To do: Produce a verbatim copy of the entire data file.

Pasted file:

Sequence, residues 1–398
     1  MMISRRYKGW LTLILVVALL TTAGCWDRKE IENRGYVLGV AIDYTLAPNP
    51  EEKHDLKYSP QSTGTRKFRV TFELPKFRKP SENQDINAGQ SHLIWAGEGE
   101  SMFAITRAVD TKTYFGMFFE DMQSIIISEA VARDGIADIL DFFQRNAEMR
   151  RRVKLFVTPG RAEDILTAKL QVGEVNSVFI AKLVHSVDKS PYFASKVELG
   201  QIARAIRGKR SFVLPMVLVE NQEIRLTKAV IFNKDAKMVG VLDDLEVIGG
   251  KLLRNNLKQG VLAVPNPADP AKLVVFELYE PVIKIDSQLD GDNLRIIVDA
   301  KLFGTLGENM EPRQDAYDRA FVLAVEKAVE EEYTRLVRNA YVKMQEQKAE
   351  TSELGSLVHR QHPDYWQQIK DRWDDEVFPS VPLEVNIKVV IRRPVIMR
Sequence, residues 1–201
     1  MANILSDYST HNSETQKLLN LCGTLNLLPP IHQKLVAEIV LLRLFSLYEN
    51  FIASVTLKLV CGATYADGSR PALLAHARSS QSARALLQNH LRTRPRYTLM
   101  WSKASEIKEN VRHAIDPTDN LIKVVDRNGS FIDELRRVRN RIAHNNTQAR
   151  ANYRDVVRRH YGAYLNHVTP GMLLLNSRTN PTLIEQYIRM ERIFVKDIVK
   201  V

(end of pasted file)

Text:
Sequence, residues 1–398
     1  MMISRRYKGW LTLILVVALL TTAGCWDRKE IENRGYVLGV AIDYTLAPNP
    51  EEKHDLKYSP QSTGTRKFRV TFELPKFRKP SENQDINAGQ SHLIWAGEGE
   101  SMFAITRAVD TKTYFGMFFE DMQSIIISEA VARDGIADIL DFFQRNAEMR
   151  RRVKLFVTPG RAEDILTAKL QVGEVNSVFI AKLVHSVDKS PYFASKVELG
   201  QIARAIRGKR SFVLPMVLVE NQEIRLTKAV IFNKDAKMVG VLDDLEVIGG
   251  KLLRNNLKQG VLAVPNPADP AKLVVFELYE PVIKIDSQLD GDNLRIIVDA
   301  KLFGTLGENM EPRQDAYDRA FVLAVEKAVE EEYTRLVRNA YVKMQEQKAE
   351  TSELGSLVHR QHPDYWQQIK DRWDDEVFPS VPLEVNIKVV IRRPVIMR
Sequence, residues 1–201
     1  MANILSDYST HNSETQKLLN LCGTLNLLPP IHQKLVAEIV LLRLFSLYEN
    51  FIASVTLKLV CGATYADGSR PALLAHARSS QSARALLQNH LRTRPRYTLM
   101  WSKASEIKEN VRHAIDPTDN LIKVVDRNGS FIDELRRVRN RIAHNNTQAR
   151  ANYRDVVRRH YGAYLNHVTP GMLLLNSRTN PTLIEQYIRM ERIFVKDIVK
   201  V